SLOW COOK HATCH STEW
By Dennis Linden
As the Hatch Pepper harvest hits the peak of quality and volume, our representative in Hatch country, Adam Aguilar, submits a recipe that celebrates this unique tasting pepper in one of the oldest forms of cooking – the one pot stew. For Adam, this dish is more than a meal, it’s a cherished memory.
“My mom made this for us kids growing up in El Paso, Texas,” Adam explained. “Then, when I was about nine-years-old, my family moved to Southern California. Still, every time she would make this dish it always reminded me of back home in the southwest, in El Paso. Even now that I am back living in El Paso, just the smell of it simmering on the stove brings me back to those carefree childhood days, when my mom would serve this to our whole family sitting around a big table.”
While the chile pepper growers of New Mexico did not organize their unique crop into a marketing endeavor until the backing of the state legislature’s proclamation in 2012, the chile pepper has been a major crop in the region for a century. The development of the pepper actually began in 1894, by a researcher at New Mexico State University who was trying to improve the size and smoothness of the pepper for the commercial canning industry. He kept at it, cross-breeding and growing, until he released a variety called New Mexico No. 9 in 1913. All New Mexican chili peppers owe their genetic base to this pepper strain. The Hatch Chile Pepper, grown exclusively in the Mesilla Valley near Hatch, New Mexico, is considered to be one of the most flavorful peppers in the world due the valley’s unique micro-climate and fertile soil composites.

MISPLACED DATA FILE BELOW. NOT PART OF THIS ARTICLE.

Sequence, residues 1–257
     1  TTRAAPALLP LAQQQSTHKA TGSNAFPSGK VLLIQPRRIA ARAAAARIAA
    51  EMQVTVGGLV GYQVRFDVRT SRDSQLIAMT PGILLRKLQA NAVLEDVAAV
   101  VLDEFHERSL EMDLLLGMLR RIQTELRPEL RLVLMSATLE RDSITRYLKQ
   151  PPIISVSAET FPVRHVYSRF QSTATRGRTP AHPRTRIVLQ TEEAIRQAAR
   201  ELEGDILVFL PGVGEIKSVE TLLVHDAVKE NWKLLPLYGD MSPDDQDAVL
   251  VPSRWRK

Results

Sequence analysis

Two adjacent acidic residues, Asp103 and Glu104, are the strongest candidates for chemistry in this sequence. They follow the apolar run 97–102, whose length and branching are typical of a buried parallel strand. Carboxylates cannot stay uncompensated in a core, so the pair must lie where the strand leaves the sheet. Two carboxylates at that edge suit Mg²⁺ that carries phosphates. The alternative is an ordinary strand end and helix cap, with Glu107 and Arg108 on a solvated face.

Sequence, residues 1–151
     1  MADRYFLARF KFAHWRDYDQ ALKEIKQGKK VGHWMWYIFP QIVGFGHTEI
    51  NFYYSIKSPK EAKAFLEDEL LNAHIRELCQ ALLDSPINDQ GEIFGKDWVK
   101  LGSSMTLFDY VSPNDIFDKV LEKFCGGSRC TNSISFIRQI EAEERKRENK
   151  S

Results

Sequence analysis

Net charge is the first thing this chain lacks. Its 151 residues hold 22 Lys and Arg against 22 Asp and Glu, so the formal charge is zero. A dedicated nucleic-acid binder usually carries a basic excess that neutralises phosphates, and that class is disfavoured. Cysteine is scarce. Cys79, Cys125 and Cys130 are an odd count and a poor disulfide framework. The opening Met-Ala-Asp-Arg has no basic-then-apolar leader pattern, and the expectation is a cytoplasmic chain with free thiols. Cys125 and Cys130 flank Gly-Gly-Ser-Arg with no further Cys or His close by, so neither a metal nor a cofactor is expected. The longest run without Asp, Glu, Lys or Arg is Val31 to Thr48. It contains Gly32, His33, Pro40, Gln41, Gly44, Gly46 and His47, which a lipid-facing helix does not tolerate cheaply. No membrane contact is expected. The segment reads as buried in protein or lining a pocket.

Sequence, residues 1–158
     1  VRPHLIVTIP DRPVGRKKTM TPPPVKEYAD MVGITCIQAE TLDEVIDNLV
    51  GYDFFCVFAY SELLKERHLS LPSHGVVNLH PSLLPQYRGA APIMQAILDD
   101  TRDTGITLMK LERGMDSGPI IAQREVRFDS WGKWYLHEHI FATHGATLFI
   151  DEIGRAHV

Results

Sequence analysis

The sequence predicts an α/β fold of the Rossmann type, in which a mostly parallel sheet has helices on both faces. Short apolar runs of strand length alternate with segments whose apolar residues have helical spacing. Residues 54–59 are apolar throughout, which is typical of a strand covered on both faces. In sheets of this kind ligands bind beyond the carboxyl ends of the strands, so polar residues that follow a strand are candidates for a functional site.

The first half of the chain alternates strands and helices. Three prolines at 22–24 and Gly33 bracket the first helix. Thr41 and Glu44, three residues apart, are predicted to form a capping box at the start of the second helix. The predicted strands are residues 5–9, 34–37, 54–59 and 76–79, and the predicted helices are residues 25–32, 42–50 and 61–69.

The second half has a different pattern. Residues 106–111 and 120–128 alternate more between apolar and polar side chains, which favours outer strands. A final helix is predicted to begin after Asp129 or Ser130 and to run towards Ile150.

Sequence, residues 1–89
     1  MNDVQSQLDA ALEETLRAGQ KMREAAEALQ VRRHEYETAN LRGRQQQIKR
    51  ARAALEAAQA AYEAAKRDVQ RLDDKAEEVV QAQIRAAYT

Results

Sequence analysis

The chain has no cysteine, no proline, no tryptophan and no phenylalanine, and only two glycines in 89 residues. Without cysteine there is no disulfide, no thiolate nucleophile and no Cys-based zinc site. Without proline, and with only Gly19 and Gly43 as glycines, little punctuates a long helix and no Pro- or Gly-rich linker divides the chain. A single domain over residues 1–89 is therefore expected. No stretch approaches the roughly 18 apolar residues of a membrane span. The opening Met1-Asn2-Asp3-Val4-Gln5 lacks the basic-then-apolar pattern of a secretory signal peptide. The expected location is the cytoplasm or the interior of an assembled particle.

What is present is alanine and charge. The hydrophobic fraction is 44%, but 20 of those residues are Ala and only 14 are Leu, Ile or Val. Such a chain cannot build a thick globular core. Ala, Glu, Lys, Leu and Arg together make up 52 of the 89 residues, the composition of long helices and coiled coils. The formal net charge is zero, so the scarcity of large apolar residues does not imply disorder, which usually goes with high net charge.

So, Adam’s mom definitely used a variety of the Hatch pepper in her original recipe, probably even before there was a famous Hatch Chile Festival. Though I am guessing that Adam, good Melissa’s rep that he is, subbed in our Baby Dutch Yellow® Potatoes for the local tuber that mom probably used. Bravo, Adam, and there is nothing wrong with tweaking a recipe for the better, even if it is mom’s!
Key to Adam’s stew for flavor is the roasting of the peppers. I always find the roasting of Hatch Peppers to be a fascinating task; it’s challenging to roast as many peppers at once as one has stovetop burners; then jumping from burner-to-burner, flipping peppers with a pair of tongs. Fun stuff! Once roasted, pop the hot peppers in a paper bag to steam off the outer skin. When cool, the skin will come right off in your fingers. Then, split each pepper down the middle, slice the top off and wash out the seeds under cold water. Like most all slow-cook recipes, the prep of each ingredient is most important, and then letting all those ingredients cook “into” each other in the crockpot. If you are cooking for a big family, this stew will probably make one hearty meal for everyone. As a single head of household, I was able to enjoy this delicious stew for several one-dish meals with just a quick heat-up. I think each serving got a little better!
Adam Aquilar has been a member of Melissa’s off-site team of regional representatives working on behalf of the company throughout the country for almost five years. As already mentioned, Adam is native of El Paso and knows the entire southwest region well. This local knowledge helps in his approach when working with Melissa’s retail grocery store accounts throughout the area.